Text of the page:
Explored K1-K2-K3 exposures along the Kolob Terrace section of Zion No photos or notes taken
Zion Park (again)
Warner Valley Site (again)
Day One First Stop - St George Dinosaur Discovery Site at Johnson Farm
A panoramic view of the museum floor and the individual photos below it.
The St. George Dinosaur Discovery Site represents a snapshot of an Early Jurassic (~195 million year old) lake ecosystem at a time when the supercontinent called Pangaea was in its initial phase of break-up and dinosaurs were beginning their ascendancy to becoming the predominant land vertebrates of the Mesozoic Era.
John points to the slabs covered by boxes waiting for prepping and displaying.
John and Henry are happy to meet Dr S Johnson (actually a photo display of Dr Johnson).
During this Early Jurassic Period, the land in the St. George area was at or near sea level since the Rocky Mountains had not yet begun to form. The location was close to the equator and all of the continents of Earth were attached into the supercontinent of Pangaea. Streams and lakes once covered portions of southern Utah and northern Arizona depositing the many rocks we now see in the St. George area. An enormous freshwater lake called "Lake Dixie" once covered this area during the Early Jurassic period. The St. George Dinosaur Discover Site at Johnson Farm is contained within the Moenave Formation, which consists of sequences of sandstone, mudstone, siltstone, and shale. The Moenave overlies the Upper Triassic Chinle Formation and underlies the Lower Jurassic Kayenta Formation that forms the red cliffs above St. George. http://www.sgcity.org/dinotrax/discoveries.php
Various Eubrontes prints.
Various Grallator prints.
The left side view of the giant slab with Grallator trackways.
The right side view of the giant slab with Grallator trackways.
The front view of the giant slab with Grallator trackways.
Eight trackways highlighted.
John and Henry imagining how the slab was moved to this location if not for heavy equipment.
The skin impression of a Eubrontes.
A close-up of the same skin impression.
Another angle view of the same skin impression and scale scratch lines.
A Grallator print inside a Eubrontes print.
The metatarsal print of a Eubrontes.
Radial desiccation cracks caused by the weight or pressure of the foot on the mud.
Possible Therapsipus track on ripple rock.
Parallel scratch marks caused by a swimming creature.
Misc fossils found in Utah.
Day One Second Stop - Pink Water Tank Site at Washington City
Henry pointing the way to the tracks.
John finds the tracks.
... a whole lot of tracks.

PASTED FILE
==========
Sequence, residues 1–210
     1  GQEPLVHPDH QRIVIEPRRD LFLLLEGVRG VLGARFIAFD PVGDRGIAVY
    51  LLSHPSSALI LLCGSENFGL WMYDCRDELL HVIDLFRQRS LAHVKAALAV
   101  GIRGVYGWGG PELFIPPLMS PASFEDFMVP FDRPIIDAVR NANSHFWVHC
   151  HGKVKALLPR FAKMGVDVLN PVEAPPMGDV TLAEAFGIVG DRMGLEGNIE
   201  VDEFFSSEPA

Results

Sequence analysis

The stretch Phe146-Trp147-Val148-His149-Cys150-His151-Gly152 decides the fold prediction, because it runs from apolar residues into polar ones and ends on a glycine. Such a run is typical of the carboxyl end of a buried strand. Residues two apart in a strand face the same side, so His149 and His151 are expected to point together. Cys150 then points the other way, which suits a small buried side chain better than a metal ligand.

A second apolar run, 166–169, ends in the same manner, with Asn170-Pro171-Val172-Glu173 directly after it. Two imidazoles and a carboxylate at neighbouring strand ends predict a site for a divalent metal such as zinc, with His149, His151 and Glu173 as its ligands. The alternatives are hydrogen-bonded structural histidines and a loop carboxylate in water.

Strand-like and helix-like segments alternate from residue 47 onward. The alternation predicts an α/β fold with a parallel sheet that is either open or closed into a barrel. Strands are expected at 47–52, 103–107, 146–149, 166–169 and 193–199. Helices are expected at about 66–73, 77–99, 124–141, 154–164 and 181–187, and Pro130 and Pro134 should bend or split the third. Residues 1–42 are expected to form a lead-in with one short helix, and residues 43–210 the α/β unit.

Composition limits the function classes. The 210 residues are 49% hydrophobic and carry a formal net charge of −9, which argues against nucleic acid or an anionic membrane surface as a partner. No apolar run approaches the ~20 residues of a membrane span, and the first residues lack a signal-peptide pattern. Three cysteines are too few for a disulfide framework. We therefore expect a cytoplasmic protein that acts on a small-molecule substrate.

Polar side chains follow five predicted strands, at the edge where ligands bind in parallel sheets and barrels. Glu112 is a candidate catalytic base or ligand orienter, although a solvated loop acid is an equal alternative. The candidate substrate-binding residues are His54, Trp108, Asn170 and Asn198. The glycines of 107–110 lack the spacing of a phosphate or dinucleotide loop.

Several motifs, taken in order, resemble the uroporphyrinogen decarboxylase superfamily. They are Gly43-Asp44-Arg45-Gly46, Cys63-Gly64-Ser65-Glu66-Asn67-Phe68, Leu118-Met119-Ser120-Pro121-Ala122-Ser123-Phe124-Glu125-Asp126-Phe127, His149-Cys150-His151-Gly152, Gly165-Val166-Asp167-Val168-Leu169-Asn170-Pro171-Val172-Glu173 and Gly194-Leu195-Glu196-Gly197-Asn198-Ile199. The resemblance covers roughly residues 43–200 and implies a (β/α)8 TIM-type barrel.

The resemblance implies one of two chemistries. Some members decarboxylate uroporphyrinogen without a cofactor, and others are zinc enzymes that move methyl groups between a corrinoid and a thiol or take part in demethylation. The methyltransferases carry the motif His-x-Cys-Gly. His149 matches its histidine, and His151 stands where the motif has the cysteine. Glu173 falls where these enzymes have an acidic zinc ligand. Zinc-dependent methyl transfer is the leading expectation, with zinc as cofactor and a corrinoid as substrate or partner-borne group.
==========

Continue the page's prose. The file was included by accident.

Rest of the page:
Henry finds one huge Eubrontes on sandstone.
And a small Grallator.
The Pink Water tower site where we had to hike up the mountain about a mile to a white limestone band of the
Kayenta formation. Here there were many mid sized Eubrontes-like tracks about 25 or so and then a single trackway of a very large Eubrontes-like trackway
with excellent metatarsal impressions. Compared to the tracks all around these tracks, it is suggested that this dinosaur that left the metatarsal
tracks was definitely a big guy with a lot of weight under his belt. Later we scanned the area and hills around the tracksite and did manage to find
a few more tracks on loose rocks in the area but none like the main trackway area.
Two views of a very large Eubrontes-like trackway with excellent metatarsal impressions and with a relatively short step.
Photos of modern tracks from reptiles and insects exhibiting discontinuation, ripples, tail & body drag marks.
The Warner Valley Site from a distance and up close. Excuse the error in the sign. The larger prints are not prosauropod because they had 5 toes, and no 5 toed prints are found here. These three toed prints are known as Eubrontes (larger ones) and Grallator (smaller ones).
Part of the trackway showing two Eubrontes trackways. (A1 - A4 & B1 - B3*) *B3 - not shown here.
Close-ups of one trackway. (A4 - not shown)
Close-ups of the other trackway. (B3 - is shown here)
John is intrigued about this deep Eubrontes print.
With a little hunting we found the tracksite and numerous trackways. Two trackways were of Eubrontes with about 8 steps in a row (A1 - A4) and the other with about 3 steps (B1 - B3). With the positioning of the tracks and depth of impressions, it seems we found a trackway where the Eubrontes was taking its last steps before entering into the water along a lakeshore (B1 - B3). Another interesting trackway we found was of Grallator tracks. We counted up to 17 tracks in a row, all with impressive detail. If it were not for sand and rock in the way this trackway we're sure that it would have continued further. Finally one other track we found that was interesting to us and confusing was a positive cast on a down sloping water spill of a Eubrontes. All the other tracks we found were mold impressions except for this one which was a positive cast. If anyone can suggest why this one lonely track was the other way compared to the rest we would all like to know the theory's why.
A Eubrontes print. Typically prints in-situ are molds and not raised (cast) liked this one. Interestingly, the cast was preserved and imbedded in the mold of the print.
Part of a Grallator trackway we found, further downstream, with 5 or 6 Grallators in a row and amazingly deep. These tracks were about 2 to 3 inches deep!!! This suggests the mud was much softer here than upstream. I.e., deeper tracks created by a lighter smaller creature.